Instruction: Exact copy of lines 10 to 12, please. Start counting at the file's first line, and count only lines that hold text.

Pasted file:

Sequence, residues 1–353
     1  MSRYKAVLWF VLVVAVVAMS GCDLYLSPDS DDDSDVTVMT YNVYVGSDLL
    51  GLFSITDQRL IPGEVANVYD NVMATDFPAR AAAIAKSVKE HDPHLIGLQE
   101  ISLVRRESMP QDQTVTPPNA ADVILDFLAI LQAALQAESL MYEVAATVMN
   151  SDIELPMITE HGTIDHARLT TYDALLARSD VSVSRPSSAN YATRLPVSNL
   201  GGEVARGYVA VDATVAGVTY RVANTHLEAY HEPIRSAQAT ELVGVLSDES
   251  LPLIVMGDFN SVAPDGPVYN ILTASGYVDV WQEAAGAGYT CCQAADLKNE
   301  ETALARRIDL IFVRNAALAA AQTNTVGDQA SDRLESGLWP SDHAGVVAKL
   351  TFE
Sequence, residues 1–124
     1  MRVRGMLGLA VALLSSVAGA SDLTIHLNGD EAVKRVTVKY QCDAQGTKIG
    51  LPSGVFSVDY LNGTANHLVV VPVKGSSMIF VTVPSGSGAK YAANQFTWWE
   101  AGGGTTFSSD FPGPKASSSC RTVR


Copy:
Sequence, residues 1–124
     1  MRVRGMLGLA VALLSSVAGA SDLTIHLNGD EAVKRVTVKY QCDAQGTKIG
    51  LPSGVFSVDY LNGTANHLVV VPVKGSSMIF VTVPSGSGAK YAANQFTWWE